Testing is one of the most important tools in gaining control of your BS numbers.
While many medical professionals only advise testing on a much less frequent basis, many of us here have found the following method extremely helpful in gaining personal control of this disease. Knowledge put to use is power!
The test we do for meals is for our own benefit, to see how the food we eat affects your BG. The doctor might tell you different testing times for his/her information, but this is for you.
We usually test 2 ways here: Two (2) hours after the first bite of food or one (1) hour after the last bite of food. I find the one hour after the last bite easier because it takes me different times to eat different meals and it’s easier to remember. You have to decide what works for you. The goal is to find your “peak” rise, the highest number that your BS rises with the meal. The one and two hour ranges are flexible, and you also might want to try experimenting with other timing within the 2-hour range until you find your usual “peak” time.
I don’t know how many test strips your doctor prescribed, but when you first start out you’ll use a lot until you get the hang of it. Try to get as many prescribed as you can. Some doctors will prescribe more, some won’t. Insurance companies might also only allow a certain amount. You don’t need a prescription to buy a meter and strips, and it’s well worth it to buy your own if you can’t get the amount you need to test as you should. Look at this post for information on low-cost varieties: click here
Regarding the numbers, were you given targets? Here are some sources for target goals:
RECOMMENDED BLOOD GLUCOSE GOALS
*ADA: “Post-prandial glucose measurements should be made 1–2 hours after the beginning of the meal, generally peak levels in patients with diabetes.”
ADA = American Diabetes Assn. Joslin = Joslin Diabetes Center AACE= American Association Of Clinical Endocrinologists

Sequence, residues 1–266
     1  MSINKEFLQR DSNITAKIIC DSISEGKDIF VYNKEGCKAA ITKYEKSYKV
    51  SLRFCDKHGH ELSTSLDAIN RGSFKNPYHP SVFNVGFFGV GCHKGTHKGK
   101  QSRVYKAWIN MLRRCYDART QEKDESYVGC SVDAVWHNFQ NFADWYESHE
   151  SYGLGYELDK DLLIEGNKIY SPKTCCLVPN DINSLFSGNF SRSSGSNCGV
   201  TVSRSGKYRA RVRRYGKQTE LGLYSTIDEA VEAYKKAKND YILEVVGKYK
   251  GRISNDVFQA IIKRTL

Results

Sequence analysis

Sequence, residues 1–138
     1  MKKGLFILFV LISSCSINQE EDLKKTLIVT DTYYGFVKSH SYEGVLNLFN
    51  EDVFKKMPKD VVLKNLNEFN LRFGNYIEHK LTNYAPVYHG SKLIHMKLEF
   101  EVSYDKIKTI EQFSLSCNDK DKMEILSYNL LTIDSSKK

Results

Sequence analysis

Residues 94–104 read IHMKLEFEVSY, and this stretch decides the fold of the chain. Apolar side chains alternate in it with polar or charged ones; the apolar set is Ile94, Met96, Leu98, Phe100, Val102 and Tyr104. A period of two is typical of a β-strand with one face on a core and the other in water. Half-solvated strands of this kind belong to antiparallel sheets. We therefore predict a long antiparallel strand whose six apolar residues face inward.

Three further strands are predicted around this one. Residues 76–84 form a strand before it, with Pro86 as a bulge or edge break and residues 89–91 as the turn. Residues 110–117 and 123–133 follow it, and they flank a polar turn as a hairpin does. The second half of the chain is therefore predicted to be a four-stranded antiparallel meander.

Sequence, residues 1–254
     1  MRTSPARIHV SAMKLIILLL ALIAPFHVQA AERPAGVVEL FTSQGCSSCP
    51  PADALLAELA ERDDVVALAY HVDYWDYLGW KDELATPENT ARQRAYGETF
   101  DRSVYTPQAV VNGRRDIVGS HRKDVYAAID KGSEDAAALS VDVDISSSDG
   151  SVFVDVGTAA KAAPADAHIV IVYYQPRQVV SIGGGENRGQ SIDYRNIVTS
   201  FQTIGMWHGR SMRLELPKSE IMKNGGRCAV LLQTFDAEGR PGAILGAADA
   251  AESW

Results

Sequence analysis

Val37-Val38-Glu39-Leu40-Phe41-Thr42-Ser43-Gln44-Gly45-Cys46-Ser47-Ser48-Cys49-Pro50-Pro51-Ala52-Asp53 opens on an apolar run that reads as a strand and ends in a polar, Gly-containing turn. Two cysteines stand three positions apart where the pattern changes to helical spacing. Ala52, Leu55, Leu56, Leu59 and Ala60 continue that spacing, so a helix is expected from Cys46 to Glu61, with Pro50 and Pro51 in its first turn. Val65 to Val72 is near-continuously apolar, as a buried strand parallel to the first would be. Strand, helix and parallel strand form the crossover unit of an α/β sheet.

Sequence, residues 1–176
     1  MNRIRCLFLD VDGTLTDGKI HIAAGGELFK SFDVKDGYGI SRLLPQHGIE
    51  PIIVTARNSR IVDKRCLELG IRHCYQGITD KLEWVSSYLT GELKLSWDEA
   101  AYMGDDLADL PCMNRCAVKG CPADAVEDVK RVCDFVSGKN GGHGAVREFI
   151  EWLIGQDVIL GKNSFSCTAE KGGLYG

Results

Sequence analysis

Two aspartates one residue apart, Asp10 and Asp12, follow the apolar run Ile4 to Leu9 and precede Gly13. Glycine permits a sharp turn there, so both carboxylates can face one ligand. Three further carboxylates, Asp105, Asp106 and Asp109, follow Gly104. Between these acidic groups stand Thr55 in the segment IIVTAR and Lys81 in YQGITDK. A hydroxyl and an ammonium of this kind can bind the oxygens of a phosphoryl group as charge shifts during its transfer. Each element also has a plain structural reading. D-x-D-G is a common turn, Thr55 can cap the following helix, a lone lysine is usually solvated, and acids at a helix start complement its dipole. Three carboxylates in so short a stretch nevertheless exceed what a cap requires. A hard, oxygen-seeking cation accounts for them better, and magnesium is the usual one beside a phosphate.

**Non-diabetic= ranges compiled from goals of all agencies.
Unless you test both before and after it’s hard to really know how much your BS rose from the food. For instance, if you started out at 120 and after the meal were 150, that may be out of your target range, but it’s only a 30 point rise, which is good.
Most of us strive for no more than a 40-point rise. If the number is too high, reducing the amount of carbohydrates in the meal will help to lower it.
Don’t get frustrated if you don’t meet those goals right away. This is a long-term lifestyle change, not a short-term “diet”. It’s also a good idea when you first start out to keep a diary of what food you ate, the carb counts, the activity levels (exercise)
before and/or after the meal, and the numbers. This will help you figure things out too.
Testing on a Budget:
If testing so often is too costly, you could try focusing on one meal at a time. For instance do a fasting test, then after breakfast for a few days. Then do a fasting, and before and after lunch for a while, then dinner. It might take longer to see the trends, but you’ll still get the information.
Hang in there, you won’t always have to test this much after you become familiar with how your body reacts to different foods.
© EMO 3/12